The Chinese 8A4 class ROUV is a remotely operated underwater vehicle (ROUV) used to perform various underwater tasks, ranging from oil platform service to salvage and rescue missions. The 8A4 is a member of a series of related ROUVs developed by the Shenyang Institute of Automation (SIA) in the People's Republic of China (PRC). The predecessor to the 8A4 was the RECON-IV, an improved version of the American RECON-III. The 8A4 itself is an upgraded version of the American AMETEK 2006, and the 7B8 is an improved version of the 8A4.
The 8A4's origins trace back to the RECON-IV ROUV. China has operated ROUVs to support its offshore oil and salvage operations since the 1980s, such as Hysub 10 ROUVs and Hysub 40 ROUVs supplied by the Canadian firm International Submarine Engineering in British Columbia. The Shanghai Salvage Bureau deployed Hysub 40 ROUVs and proved them to be a successful platform for offshore oil drilling, salvage, and rescue missions. However, foreign-built ROUVs were too expensive for wide adoption by the People's Liberation Army Navy (PLAN). As a result, China decided to develop its version of ROUVs with similar capabilities.
One of the first Chinese-built ROUVs was the RECON-IV ROUV, which was developed jointly by the Shenyang Institute of Automation of the Chinese Academy of Science and Perry Oceanographic (later purchased by Lockheed Martin) of Riviera Beach, Florida. The design was based on Perry Oceanography's RECON-III ROUV, and RECON-IV's development facilitated technology transfer between the two organizations.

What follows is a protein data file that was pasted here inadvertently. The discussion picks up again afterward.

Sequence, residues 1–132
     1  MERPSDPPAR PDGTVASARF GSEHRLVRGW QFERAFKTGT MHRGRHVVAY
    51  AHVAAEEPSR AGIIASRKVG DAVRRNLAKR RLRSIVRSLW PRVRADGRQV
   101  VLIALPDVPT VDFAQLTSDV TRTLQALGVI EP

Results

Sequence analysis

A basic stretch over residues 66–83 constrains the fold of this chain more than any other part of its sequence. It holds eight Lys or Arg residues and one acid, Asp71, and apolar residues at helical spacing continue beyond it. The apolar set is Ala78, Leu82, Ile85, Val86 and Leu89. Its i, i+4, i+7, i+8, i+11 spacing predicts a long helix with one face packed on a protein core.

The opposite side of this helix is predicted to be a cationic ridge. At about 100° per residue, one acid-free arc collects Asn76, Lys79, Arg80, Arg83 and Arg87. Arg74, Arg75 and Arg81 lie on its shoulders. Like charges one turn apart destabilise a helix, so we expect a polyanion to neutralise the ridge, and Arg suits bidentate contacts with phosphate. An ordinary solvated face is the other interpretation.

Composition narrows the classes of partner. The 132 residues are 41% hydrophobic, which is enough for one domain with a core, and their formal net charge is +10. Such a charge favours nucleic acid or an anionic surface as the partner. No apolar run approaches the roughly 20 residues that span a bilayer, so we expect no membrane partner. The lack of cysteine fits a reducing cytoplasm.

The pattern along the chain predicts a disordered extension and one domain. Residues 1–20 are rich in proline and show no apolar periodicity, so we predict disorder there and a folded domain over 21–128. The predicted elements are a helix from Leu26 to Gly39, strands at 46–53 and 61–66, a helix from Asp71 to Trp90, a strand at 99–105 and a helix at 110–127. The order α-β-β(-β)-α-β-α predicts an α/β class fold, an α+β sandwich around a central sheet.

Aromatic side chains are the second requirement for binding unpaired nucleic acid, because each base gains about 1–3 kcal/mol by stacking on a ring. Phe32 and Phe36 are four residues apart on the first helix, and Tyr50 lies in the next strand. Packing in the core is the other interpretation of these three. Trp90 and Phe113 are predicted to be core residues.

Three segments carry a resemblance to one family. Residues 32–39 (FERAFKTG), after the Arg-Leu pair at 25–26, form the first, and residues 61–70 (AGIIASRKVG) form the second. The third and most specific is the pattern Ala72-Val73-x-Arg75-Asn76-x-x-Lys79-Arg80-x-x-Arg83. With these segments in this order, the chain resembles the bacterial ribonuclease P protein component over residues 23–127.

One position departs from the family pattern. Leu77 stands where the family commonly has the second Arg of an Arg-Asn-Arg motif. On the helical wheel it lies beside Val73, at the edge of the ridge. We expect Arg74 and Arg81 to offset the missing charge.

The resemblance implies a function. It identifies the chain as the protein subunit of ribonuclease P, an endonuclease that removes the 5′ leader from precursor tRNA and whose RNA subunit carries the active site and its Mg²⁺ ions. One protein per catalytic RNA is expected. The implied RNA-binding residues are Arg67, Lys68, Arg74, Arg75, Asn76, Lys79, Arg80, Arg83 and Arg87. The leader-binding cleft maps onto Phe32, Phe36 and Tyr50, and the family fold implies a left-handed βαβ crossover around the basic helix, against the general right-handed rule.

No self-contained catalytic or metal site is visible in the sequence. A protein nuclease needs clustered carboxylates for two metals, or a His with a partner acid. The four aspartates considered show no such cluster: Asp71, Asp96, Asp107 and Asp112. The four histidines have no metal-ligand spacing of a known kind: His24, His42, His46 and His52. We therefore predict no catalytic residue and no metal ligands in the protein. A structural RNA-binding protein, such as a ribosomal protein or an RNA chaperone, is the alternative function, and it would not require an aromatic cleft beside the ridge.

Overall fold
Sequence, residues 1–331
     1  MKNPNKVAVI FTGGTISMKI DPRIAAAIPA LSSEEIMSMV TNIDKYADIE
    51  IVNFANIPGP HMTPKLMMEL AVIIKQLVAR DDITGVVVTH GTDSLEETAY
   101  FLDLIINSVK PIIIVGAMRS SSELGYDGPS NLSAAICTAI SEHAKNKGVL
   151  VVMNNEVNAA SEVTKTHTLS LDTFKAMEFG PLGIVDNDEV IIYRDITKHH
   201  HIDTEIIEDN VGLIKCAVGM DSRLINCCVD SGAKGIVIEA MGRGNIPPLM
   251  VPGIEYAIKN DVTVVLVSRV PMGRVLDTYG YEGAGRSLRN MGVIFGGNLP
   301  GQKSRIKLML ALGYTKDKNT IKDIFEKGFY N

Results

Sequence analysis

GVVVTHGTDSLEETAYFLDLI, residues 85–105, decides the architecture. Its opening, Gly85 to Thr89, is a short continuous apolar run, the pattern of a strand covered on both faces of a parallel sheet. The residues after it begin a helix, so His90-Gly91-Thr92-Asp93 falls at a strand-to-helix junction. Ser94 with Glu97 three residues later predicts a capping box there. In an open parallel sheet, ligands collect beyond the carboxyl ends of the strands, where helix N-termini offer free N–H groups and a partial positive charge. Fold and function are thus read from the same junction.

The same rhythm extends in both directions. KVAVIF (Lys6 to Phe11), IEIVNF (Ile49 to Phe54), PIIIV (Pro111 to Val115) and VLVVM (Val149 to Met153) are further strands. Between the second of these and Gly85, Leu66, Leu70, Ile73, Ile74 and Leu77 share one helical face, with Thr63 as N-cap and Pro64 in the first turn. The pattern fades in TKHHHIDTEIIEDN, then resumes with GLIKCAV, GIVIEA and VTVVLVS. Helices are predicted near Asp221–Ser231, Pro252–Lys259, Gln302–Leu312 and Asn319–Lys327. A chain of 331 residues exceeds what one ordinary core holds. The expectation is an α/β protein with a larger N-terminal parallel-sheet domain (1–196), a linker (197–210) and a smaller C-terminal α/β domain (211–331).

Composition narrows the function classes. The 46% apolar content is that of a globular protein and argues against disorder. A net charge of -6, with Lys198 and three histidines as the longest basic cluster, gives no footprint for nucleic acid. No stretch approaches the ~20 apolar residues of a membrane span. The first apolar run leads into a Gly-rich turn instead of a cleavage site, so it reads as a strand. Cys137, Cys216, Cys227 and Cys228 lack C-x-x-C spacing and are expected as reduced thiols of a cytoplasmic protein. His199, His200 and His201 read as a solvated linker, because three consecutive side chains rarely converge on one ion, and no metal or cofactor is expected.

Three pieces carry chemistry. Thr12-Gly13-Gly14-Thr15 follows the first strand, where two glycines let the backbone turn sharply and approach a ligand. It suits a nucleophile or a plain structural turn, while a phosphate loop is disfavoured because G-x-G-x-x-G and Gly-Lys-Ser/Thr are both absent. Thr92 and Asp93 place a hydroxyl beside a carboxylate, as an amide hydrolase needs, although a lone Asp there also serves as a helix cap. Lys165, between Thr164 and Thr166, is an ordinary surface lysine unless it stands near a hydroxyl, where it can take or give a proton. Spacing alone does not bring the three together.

The RECON-IV ROUV was adopted by the People's Liberation Army Navy for salvage and rescue operations. However, like earlier ROUVs, the RECON-IV was primarily designed for civilian operations, which limited military applications such as cutting through the specialized steel used in submarines, and opening valves on sinking vessels. The limitations of the civilian model and the needs of the People's Liberation Army Navy prompted a follow-up design.
In the late 1980s, China organized a design team to develop a ROUV that meets the needs of military salvage and rescue operations while also being able to perform civilian tasks. Team members included the 702nd Research Institute of the China Shipbuilding Industry Corporation (CSIC), the Shipbuilding Engineering Institute of Harbin Engineering University (HEU), and the Institute of Underwater Engineering of Shanghai Jiao Tong University (SHJTU). Xu Huangnan (徐芑南), a professor of SHJTU, was named as the general designer of the 8A4 ROUV. He would go on to be the deputy general designer of Explorer AUV, as well as the general designer of other Chinese unmanned underwater vehicles, including Sea Dragon class ROUV, CR class AUV, and SJT class ROUV.
To shorten the development time, the team decided to select a ROUV system available on the market whose performance was closest to the requirements and then improve it based on experience developing the RECON-IV ROUV. The AMETEK 2006, an American ROUV used to support offshore oil drilling operations, met both of these criteria, so it was chosen as the basis for the new ROUV. However, the AMETEK 2006 still required extensive improvements to meet the design team's goals.